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Diverse new microvertebrate assemblage from the Upper Triassic Cumnock Formation, Sanford Subbasin, North Carolina, USA

  • Andrew B. Heckert (a1), Jonathan S. Mitchell (a1) (a2), Vincent P. Schneider (a3) and Paul E. Olsen (a4)

The Moncure microvertebrate locality in the Cumnock Formation, Sanford sub-basin, North Carolina, dramatically increases the known Late Triassic age vertebrate assemblage from the Deep River Basin. The ∼50,000 recovered microvertebrate fossils include osteichthyans, amphibians, and numerous lepidosauromorph, archosauriform, and synapsid amniotes. Actinopterygian fossils consist of thousands of scales, teeth, skull, and lower jaw fragments, principally of redfieldiids and semionotids. Non-tetrapod sarcopterygians include the dipnoan Arganodus sp., the first record of lungfish in the Newark Supergroup. Temnospondyls are comparatively rare but the preserved centra, teeth, and skull fragments probably represent small (juvenile) metoposaurids. Two fragmentary teeth are assigned to the unusual reptile Colognathus obscurus (Case). Poorly preserved but intriguing records include acrodont and pleurodont jaw fragments tentatively assigned to lepidosaurs. Among the archosauriform teeth is a taxon distinct from R. callenderi that we assign to Revueltosaurus olseni new combination, a morphotype best assigned to cf. Galtonia, the first Newark Supergroup record of Crosbysaurus sp., and several other archosauriform tooth morphotypes, as well as grooved teeth assigned to the recently named species Uatchitodon schneideri. Synapsids represented by molariform teeth include both “traversodontids” assigned to aff. Boreogomphodon and the “dromatheriid” Microconodon. These records are biogeographically important, with many new records for the Cumnock Formation and/or the Newark Supergroup. In particular, Colognathus, Crosbysaurus, and Uatchitodon are known from basins of Adamanian age in the southwestern U.S.A. These new records include microvertebrate taxa more typical of non-Newark basins (abundant archosauriforms, temnospondyls, lungfish) as well as more typical Newark osteichthyans and synapsid-rich faunal elements.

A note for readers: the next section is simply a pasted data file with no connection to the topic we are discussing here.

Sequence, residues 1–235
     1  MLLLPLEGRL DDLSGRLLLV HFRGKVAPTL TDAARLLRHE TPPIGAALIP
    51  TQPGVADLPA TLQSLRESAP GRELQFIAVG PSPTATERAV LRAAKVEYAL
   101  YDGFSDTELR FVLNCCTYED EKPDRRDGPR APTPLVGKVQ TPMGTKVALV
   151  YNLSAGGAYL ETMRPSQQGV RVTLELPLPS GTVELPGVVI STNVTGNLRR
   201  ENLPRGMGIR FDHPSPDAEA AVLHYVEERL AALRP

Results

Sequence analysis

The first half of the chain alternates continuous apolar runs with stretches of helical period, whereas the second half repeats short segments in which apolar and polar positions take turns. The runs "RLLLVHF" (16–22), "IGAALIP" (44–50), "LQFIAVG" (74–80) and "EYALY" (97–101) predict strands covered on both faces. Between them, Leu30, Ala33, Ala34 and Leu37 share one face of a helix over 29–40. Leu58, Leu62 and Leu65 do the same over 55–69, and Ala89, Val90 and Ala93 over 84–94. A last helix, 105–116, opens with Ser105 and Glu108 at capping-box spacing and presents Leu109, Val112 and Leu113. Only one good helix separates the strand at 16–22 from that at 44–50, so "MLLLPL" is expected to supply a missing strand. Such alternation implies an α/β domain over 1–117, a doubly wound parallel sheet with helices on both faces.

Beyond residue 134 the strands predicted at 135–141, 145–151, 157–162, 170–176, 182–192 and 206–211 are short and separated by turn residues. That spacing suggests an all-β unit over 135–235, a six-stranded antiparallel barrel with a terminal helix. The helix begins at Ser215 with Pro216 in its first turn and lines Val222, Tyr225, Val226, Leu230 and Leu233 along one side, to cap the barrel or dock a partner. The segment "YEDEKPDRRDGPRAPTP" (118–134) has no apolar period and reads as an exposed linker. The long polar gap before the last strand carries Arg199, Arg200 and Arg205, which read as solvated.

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Journal of Paleontology
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